Facts About Penguins

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Penguins come from the order called Sphenisciformes. There are 17 species of penguins existing with about 40 species extinct. Scientists believe that penguins evolved from flying birds at least 65 million years ago during the Cretaceous Period. Through evolution, penguins became adapted to a sea environment.

Fact 1.  Penguins who evolved into land birds are regarded as the fastest swimmers and deepest divers amongst birds.

Fact 2.   Penguins of the Gentoo breed possess domestic inclinations. These penguins have long-lasting bonds and make hospitable nests for their offspring consisting of a circular nest of stones, grass, and other organic material. They share incubation duties and take care of their young for up to six months

Fact 3.    The size of Antarctica is larger than the combined area of the U.S. and Mexico, but the total suitable nesting size available for all penguins is the size of New York.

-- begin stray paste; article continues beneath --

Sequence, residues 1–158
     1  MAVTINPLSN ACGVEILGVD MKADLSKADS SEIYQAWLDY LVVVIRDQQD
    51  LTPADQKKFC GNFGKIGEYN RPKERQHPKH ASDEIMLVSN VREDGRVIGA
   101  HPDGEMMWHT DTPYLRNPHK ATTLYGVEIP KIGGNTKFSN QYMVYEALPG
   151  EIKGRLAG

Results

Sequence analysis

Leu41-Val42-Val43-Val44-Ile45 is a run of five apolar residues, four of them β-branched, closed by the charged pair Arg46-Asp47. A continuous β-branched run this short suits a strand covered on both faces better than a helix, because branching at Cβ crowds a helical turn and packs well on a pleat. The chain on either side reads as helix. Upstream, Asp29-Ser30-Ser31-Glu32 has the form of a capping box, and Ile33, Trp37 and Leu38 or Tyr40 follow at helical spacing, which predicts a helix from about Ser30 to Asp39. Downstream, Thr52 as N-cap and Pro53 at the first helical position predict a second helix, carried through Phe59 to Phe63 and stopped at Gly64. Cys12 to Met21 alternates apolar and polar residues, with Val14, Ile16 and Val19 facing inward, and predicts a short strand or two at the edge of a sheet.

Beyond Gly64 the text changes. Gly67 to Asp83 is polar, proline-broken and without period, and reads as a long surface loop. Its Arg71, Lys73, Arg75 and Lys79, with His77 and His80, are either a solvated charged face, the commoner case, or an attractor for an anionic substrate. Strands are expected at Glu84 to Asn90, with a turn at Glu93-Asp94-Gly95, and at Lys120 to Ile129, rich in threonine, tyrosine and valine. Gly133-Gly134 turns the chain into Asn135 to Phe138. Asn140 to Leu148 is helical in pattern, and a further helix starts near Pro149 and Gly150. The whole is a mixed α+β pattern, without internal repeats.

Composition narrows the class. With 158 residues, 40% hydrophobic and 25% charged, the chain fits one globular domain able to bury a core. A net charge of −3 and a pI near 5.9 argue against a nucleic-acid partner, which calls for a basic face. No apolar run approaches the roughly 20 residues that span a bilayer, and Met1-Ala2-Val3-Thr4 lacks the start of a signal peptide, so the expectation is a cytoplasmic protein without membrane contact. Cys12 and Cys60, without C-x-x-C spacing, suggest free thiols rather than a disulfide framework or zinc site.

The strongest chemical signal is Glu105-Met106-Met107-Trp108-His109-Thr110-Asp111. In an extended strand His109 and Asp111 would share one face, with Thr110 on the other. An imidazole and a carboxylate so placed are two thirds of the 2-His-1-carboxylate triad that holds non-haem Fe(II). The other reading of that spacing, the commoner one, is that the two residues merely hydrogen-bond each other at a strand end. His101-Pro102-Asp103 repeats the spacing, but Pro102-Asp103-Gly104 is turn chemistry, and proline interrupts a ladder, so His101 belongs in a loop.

Fact 4.  The Emperor penguins do not make nests but incubate their eggs by placing them on their feet to warm them protected by a flap called a brood pouch.

Fact 5.  An adult penguin makes around 450 dives per day foraging for food.

Fact 6. Man is one of the predators faced by penguins. There have been incidents of 3,000 penguin eggs being salted in a day for voyage provisions.

Fact 7. Penguin oil has been used for heating, fuel, and tanning of leather. In the Falkland Islands, an estimated 2.6 million penguins have been decimated over a 16-year span for a purpose that was banned in 1918.

Fact 8.  The current climate change and rising sea levels are having a critical impact on Antarctica, the natural habitat of Adélie and Emperor penguins. Inevitably, the penguin population is declining due to the melting ice.

Fact 9. Abnormal weather changes, such as the El Nino, have influenced the temperature of the oceans and the food system of aquatic animals, ultimately affecting the food supply of the penguin population.

Fact 10. Pollution of the ocean waters in the form of chemicals and insoluble materials, such as plastics, has contributed to the decimation of penguins. Development of ecotourism, such as cruises to the Antarctic, has disturbed the ecosystem in the region impacting the food distribution systems. Commercialization of food such as krill and the Antarctic toothfish has had dire consequences.

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